Thursday, October 24, 2013

Supplemental Directive 13-09 to the Making Homes Affordable Handbook will speed up the loss mitigation process

Are you sick of the unnecessarily long HAMP application process? Do you have countless loss mitigation initial packages sitting on your desk at home? Well, good news! Supplemental Directive 13-09 to the Making Homes Affordable Handbook, issued on October 18th, 2013, makes the loss mitigation process more efficient.

Under Section 2.2.2 of Chapter II of the Making Homes Affordable Handbook, “Right Party Contact” is established when the Lender successfully communicates with the borrower regarding loss mitigation options. After these options are discussed and the borrower decides to apply for the Home Affordable Modification Program (HAMP), the servicer must submit to the borrower an initial loss mitigation package that would allow the borrower to apply for HAMP. This package, at a minimum, must include the Request for Mortgage Assistance form, which asks the borrower to outline his income, expenses, assets, real estate, and reason for delinquency.  The package, however, can also include documents such as 4506-T, which grants the servicer access to the borrower’s tax returns, and the Dodd-Frank Certification form, which requires that a person is ineligible for any MHA program if that person has been convicted of felony, larceny, theft, fraud, forgery, money laundering, or tax evasion in the last ten years.

Before Supplemental Directive 13-09 was issued, if the borrower did not at least complete and submit the Request for Mortgage Assistance, the servicer had to re-submit the entire initial package to the borrower.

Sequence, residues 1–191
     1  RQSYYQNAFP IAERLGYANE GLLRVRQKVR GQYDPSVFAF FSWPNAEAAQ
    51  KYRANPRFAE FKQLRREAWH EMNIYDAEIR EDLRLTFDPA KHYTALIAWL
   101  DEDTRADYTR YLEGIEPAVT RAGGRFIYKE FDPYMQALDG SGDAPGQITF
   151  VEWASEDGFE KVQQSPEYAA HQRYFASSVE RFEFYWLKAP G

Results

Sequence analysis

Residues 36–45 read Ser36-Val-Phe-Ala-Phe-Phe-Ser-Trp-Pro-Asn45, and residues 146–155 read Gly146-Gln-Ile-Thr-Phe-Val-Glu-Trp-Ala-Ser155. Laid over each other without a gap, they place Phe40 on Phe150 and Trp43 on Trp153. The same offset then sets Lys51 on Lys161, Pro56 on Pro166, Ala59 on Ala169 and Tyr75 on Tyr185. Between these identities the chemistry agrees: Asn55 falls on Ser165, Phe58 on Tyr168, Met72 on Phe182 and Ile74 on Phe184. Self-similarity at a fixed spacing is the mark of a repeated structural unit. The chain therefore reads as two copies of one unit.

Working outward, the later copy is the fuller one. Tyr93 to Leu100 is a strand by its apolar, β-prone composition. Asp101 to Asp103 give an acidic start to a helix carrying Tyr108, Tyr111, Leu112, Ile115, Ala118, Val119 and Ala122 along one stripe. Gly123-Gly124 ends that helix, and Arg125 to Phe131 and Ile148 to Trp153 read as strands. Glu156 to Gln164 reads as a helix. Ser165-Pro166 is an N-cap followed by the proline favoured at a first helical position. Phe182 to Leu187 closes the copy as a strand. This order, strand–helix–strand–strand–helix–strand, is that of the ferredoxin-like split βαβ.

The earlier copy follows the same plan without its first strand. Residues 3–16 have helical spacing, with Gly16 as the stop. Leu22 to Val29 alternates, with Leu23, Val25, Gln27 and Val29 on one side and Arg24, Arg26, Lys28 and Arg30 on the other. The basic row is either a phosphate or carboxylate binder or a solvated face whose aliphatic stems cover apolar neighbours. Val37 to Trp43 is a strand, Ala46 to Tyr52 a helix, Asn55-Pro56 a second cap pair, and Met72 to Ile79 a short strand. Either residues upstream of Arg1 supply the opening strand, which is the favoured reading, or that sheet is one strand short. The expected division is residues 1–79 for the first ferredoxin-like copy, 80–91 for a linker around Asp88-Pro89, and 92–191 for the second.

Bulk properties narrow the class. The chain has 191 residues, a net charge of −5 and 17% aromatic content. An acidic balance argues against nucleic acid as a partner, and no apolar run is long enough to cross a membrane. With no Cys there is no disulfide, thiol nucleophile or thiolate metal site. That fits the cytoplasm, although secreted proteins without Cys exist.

However, under Supplemental Directive 13-09, if the borrower submits any documents of an initial package, such as the 4506-T, RMA, or Dodd-Frank Certification, the servicer must now confirm receipt of the documents and submit an “Incomplete Information Notice.” No longer does the servicer need to re-submit the entire initial package if the borrower only completes a 4506-T.  An Incomplete Information Notice is sufficient. The only time the servicer must re-submit the initial package is when the borrower does not submit any documents whatsoever.

In Section 4.5 of Chapter II of the MHA Handbook, before Supplemental Directive 13-09 was issued, servicers confirmed receipt of initial package within 10 business days and had to make a decision regarding the borrower’s request for HAMP within 30 days. The servicer was not required to respond immediately to requests and this was one of the biggest problems when applying for HAMP or other loss mitigation options. The process dragged on and the borrower sometimes had to wait an entire month before hearing from his or her servicer regarding the loan modification application.

However, under Supplemental Directive 13-09, the servicers must now confirm receipt of the initial package within 5, not 10, business days and must also inform the borrowers at this time whether or not additional documents are needed to complete the loan modification application. This amendment to the MHA Handbook will speed up with loan modification application process. Servicers must confirm receipt of documents and inform of additional document requests within 5 business days.

Also, under the Supplemental Directive 13-09, if the application remains incomplete for a long period of time and the servicer has diligently attempted to obtain the requested documents from the borrowers, then the borrower can be deemed as ineligible for HAMP. If this happens, the servicer must submit to the borrower a “Non-Approval Notice” that informs the borrower why he or she is ineligible for HAMP at this time. This does not mean, however, that the borrower will be forever ineligible for HAMP. If there is a change in circumstances, for example, a new application for HAMP may be submitted to the servicer.


Once a complete loan modification application is submitted to the servicer, the review process begins and takes up to thirty (30) days.

Thank you to Lieb at Law's Assistant Case Manager, Jessica Vogele, for sharing this valuable information.